This spring, Dow Chemical Co., Midland, Mich., conducted pilot tests that validated and documented the potential for energy recovery from incinerating plastics wastes.

This spring, Dow Chemical Co., Midland, Mich., conducted pilot tests that validated and documented the potential for energy recovery from incinerating plastics wastes. Dow found that 96% of the available energy was recovered after incinerating 578 lb of LLDPE scrap film generated in one of Dow’s extrusion laboratories in a kiln at a Dow waste-treatment facility in Midland. The energy recovered was equivalent to 11.1 million Btu of natural gas and was used as fuel for the incinerator during the test. Dow’s test shows “that used plastic can provide a valuable source of energy and ultimately help reduce our need for natural gas or other fossil fuels,” according to Jeff Wooster, plastics sustainability leader for Dow’s Performance Plastics business in North America.

Although it is not news that plastics release usable energy when burned, Dow wanted to conduct a controlled experiment and document the results, Wooster says. While incinerating municipal solid waste (including plastics) is common in Europe and Japan, “The U.S. lags behind many countries that capture trapped energy from recovered materials,” he notes. “Energy recovery is a clean, reliable, renewable source of energy having less environmental impact than many other sources of energy,” he adds. “Energy recovery does not replace the traditional means of recycling plastics—it extends and complements it.” He feels the test results could be a useful reminder to the general public and government officials that there are multiple ways that plastics can be useful to society after their intended use.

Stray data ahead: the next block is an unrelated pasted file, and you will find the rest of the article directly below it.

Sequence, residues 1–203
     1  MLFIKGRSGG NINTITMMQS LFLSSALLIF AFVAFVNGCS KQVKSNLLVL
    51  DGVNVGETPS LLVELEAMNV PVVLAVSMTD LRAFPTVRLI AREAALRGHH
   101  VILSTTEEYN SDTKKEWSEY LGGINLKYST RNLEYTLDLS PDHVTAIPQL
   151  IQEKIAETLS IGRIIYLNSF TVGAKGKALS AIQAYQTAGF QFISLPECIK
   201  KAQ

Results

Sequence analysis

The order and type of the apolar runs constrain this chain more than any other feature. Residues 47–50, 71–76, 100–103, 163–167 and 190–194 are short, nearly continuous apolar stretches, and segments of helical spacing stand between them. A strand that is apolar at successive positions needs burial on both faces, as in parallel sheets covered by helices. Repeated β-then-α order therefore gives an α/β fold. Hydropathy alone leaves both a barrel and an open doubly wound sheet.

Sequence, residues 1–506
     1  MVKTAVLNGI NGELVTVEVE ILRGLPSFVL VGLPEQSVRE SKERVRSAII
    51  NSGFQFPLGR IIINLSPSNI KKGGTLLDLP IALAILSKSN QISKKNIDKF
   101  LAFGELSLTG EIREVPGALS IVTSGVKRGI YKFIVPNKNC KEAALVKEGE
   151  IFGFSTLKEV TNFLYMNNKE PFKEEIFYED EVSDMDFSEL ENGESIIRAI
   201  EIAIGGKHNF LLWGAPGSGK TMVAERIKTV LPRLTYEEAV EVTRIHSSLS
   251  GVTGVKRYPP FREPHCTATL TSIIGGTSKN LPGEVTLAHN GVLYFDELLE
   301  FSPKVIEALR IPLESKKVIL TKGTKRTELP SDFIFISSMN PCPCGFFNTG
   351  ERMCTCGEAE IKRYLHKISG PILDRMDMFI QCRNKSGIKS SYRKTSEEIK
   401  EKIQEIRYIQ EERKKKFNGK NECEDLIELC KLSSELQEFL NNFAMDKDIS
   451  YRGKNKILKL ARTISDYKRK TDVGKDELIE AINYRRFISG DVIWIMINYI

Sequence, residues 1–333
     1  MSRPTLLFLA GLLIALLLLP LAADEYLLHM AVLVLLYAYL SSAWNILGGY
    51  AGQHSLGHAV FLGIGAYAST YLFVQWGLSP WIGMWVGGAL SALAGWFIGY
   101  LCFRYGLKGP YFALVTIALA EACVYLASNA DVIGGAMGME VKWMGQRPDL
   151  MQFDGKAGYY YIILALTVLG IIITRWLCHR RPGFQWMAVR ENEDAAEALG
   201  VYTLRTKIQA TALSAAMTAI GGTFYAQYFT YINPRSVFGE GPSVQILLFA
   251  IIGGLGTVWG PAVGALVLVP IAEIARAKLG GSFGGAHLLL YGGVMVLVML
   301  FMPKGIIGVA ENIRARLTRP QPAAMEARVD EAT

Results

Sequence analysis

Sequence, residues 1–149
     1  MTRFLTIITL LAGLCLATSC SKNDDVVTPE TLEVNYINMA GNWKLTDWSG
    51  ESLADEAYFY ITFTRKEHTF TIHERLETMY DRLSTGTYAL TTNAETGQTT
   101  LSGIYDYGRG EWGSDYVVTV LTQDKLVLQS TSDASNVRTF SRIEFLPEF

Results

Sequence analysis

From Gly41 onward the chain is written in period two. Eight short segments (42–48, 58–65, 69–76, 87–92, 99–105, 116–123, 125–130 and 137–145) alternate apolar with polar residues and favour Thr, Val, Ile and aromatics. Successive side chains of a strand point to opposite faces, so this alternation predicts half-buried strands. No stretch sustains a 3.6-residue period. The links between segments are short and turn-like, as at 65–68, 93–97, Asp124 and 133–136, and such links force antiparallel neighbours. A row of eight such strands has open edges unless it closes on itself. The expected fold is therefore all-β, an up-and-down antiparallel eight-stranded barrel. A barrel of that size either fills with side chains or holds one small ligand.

As for Dow itself, Wooster says the company plans to explore the potential for energy recovery at its own waste-treatment facilities, such as by incinerating the plastics packaging from its incoming raw materials.  Email: jeff.wooster@dow.com